A Corn Belt Insect Threat: Western Bean Cutworm

Categories: GROWING, CORN
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Native to North America, western bean cutworm (WBC) is becoming a severe pest in several areas of the Corn Belt. Although it is traditionally a pest of the Western Great Plains, WBC has moved east, inhabiting much of the Corn Belt. While populations may vary year to year, this corn pest is a consistent threat in many corn growing regions. Masses of up to 200 eggs are laid on plant leaves and mature quickly over a few days. Unlike corn earworm, WBC is not cannibalistic, so it is common to find multiple larvae feeding on 1 ear. 


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Photos by Charles Scovill, Golden Harvest Agronomist​​​​​​​

Scouting and treatment
WBC infestations are often patchy and may occur over a several week span, requiring multiple scouting visits and creating challenging treatment decisions. There are multiple scouting options, including setting pheromone and/or black light traps, using degree days to predict moth emergence and monitoring corn plants. When scouting corn, check 20 plants in at least 5 areas, and look for egg masses in the upper 3 or 4 leaves. Egg masses can be hard to find, and proper treatment timing difficult due to varying egg mass maturity, so the application window is critical. After WBC larvae enter the ear, insecticide applications aren't effective.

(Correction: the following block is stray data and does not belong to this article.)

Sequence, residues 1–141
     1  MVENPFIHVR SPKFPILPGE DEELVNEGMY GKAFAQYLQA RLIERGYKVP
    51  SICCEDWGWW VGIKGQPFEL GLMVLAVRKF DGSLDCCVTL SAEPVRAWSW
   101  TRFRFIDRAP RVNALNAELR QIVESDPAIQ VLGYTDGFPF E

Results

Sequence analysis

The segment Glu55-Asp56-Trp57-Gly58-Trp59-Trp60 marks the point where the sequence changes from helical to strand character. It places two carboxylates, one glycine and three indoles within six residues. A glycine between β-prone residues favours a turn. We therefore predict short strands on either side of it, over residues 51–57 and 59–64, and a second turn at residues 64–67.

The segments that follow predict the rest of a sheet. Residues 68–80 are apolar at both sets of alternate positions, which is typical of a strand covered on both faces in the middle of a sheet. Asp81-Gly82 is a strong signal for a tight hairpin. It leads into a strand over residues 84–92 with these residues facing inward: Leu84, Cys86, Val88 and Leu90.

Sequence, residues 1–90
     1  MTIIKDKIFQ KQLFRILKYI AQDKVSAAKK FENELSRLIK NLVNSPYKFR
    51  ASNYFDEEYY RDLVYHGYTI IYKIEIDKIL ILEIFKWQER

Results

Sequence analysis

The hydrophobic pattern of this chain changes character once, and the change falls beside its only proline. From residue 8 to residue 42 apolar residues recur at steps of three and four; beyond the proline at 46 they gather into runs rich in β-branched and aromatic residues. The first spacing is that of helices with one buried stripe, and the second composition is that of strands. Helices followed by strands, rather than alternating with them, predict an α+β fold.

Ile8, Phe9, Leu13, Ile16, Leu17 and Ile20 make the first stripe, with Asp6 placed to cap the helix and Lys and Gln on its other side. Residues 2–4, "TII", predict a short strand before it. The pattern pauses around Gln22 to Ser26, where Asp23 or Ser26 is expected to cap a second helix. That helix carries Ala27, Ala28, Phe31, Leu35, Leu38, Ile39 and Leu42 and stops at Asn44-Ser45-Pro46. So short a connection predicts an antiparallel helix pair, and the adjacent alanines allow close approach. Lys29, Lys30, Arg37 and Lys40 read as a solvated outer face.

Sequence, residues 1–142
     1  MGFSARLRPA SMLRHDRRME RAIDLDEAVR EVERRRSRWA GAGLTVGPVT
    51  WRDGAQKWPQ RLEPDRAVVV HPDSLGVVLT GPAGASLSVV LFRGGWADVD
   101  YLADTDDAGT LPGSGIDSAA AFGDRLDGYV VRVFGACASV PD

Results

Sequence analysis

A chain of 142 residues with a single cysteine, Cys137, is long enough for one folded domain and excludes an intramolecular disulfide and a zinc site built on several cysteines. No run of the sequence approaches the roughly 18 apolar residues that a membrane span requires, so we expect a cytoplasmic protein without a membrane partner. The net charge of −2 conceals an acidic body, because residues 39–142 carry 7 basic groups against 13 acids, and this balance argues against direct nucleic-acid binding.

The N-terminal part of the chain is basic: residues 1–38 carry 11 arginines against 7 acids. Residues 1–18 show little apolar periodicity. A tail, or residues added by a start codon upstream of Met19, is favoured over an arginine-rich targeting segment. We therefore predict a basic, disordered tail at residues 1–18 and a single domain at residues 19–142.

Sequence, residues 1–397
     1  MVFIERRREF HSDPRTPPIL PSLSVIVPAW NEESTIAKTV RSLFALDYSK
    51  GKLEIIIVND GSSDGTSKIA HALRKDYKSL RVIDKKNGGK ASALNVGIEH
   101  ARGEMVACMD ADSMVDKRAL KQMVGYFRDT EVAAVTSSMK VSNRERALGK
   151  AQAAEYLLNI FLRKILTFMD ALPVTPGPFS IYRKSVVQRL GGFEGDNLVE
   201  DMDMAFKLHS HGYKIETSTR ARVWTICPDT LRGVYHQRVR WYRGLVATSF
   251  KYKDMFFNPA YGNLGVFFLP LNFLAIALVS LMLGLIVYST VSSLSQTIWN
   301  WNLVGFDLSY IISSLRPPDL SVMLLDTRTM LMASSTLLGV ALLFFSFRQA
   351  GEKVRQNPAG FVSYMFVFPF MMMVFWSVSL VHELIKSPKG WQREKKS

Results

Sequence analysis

The WBC infestation window occurs mid- to late-July, with potential feeding throughout the season.​​​​​​​

Crop damage

Young larvae feed on corn tassels, pollen and silks, then chew holes through the husk and devour developing kernels, as pictured below. Larval feeding affects corn yield and quality, making kernels susceptible to mold and mycotoxin development. Such kernel quality degradation can negatively affect the grain price and potentially be harmful to livestock.


Agrisure Viptera® (left) versus ears from hybrids without Agrisure Viptera (center and right) under WBC pressure.​​​​​​​
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Protect your hybrids
When making seed selection decisions, keep in mind Agrisure Viptera is the only trait available today that effectively controls WBC. Available through Golden Harvest hybrids, Agrisure Viptera is the best option on the market to consistently limit WBC damage and protect grain quality. By controlling major leaf-, stalk- and ear-feeding corn insects, including WBC, Agrisure Viptera trait stacks offer better crop stand and lower levels of disease, resulting in increased yield and profit potential.

Contact your Golden Harvest Seed Advisor with questions or for additional agronomic insights.

Photos are either the property of Syngenta or used under agreement.

Syngenta hereby disclaims liability for third-party websites.


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